So vegans will be familiar with the definition of veganism as originated from Donald Watson in 1944 as “… a way of living which seeks to exclude, as far as is possible and practicable, all forms of exploitation of, and cruelty to, animals for food, clothing or any other purpose.”

But what exactly does ‘possible and practical’ mean?

I have seen many different people with differing views on what it means to be vegan – for them at least.  And whilst it is commonly agreed that a vegan is not someone who eats meat ‘only every now and then’ or someone who is 80,90 or 95% ‘vegan’ – what about the less than half a percent of the time?

The vegans who use a mobile phone which contains animal products, or money notes which can contain tallow, or drive cars on roads all of which may contain animal products – or at some point use materials which may have been tested on animals.  Or drive a car with leather seats, buy a new car with leather seats?

Now I know some of you will be shouting out how obvious it is that a ‘real vegan’ can’t buy/use some of these things, and there are probably others which you say are ‘ok because the definition is possible and practical’.  But who is to say that where one person draws that imaginary line, can or should ever be the same for anyone else?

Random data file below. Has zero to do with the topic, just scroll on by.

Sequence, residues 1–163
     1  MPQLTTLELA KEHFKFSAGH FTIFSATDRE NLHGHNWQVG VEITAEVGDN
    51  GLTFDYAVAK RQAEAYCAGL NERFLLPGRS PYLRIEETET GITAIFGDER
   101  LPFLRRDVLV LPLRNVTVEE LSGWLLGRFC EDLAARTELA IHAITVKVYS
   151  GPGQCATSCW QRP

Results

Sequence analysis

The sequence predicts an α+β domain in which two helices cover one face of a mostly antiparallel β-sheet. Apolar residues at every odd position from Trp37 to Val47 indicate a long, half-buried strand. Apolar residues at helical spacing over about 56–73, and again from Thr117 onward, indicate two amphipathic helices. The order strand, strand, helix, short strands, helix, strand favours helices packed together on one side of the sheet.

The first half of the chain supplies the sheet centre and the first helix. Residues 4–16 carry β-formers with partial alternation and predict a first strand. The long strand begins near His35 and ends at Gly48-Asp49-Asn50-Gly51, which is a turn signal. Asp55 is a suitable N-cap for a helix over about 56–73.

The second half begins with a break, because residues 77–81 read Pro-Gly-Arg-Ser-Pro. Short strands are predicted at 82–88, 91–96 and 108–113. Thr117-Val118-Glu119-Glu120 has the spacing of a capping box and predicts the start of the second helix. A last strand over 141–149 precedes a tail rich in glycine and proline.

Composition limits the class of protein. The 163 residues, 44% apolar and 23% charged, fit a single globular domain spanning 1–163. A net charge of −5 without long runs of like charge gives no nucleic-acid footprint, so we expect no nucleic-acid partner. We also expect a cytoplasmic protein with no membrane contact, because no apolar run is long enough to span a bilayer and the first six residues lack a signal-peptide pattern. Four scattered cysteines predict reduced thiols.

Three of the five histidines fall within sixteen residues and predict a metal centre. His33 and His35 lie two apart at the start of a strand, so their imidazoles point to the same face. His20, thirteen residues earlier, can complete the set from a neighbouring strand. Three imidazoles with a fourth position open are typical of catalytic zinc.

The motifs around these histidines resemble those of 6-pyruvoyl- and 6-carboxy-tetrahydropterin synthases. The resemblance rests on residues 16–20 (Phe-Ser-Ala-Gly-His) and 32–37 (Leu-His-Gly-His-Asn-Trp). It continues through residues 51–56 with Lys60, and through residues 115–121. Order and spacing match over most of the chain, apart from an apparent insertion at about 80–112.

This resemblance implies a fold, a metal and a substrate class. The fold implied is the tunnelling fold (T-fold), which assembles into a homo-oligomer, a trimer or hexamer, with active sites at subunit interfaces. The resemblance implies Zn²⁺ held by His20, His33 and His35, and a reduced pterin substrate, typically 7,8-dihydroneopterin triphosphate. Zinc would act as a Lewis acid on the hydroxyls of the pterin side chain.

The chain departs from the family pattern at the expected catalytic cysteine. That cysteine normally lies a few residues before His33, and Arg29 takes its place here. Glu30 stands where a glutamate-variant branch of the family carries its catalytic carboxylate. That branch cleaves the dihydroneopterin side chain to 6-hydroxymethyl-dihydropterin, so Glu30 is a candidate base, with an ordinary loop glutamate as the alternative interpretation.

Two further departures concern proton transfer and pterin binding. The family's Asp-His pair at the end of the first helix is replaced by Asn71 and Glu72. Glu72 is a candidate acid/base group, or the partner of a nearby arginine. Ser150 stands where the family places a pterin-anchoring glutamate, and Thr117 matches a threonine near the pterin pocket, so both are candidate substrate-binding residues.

So where does it stop, when is a vegan not really vegan because of their choice in line? Or should we all just be able to call ourselves what we want if its what we believe we are?

There is a lot of vegan bashing, yes from the meat eaters but also sadly from within our own community too.  The online forums are full of people who seem to put themselves in a position of vegan-er than others.

I have wondered many times over the years, who is more vegan – the newbie who converted a couple of weeks ago and is fastidiously checking every label and mouthful – filling their brains with all this new information about eggs, milk products, where palm oil comes from and how coconuts are harvested….. or the vegan with decades of experience behind them of living a vegan life but who occasionally will eat bread which may contain some milk or drink wine which may have used fish/egg in the processing, or have the chips which they don’t know how they were cooked, even when you do ask first?

In truth, I don’t believe there is a clear cut answer, no right or wrong, when we are dealing at the margins of ‘may contain’.  For me, life is about balance and sustainability – for the odd occasions when I may have eaten some limited animal products, there will be many other times when I have unknowingly eaten something or been given much worse in my veggie meal in a restaurant ….we have probably all been there!.

Ultimately we are vegans living (for now at least) in a non-vegan world and whilst we advocate change, we are doing it in the real world.

For me this is about a way of living, that is kind to the animals, environment and myself – and whilst that doesn’t mean I will tuck into any animal products – I accept that I am not ‘perfect’ and that making the right and sensible choice in a given situation, is the right thing to do.  And that is what I believe possible and practical means.

What does it mean to you?

Rx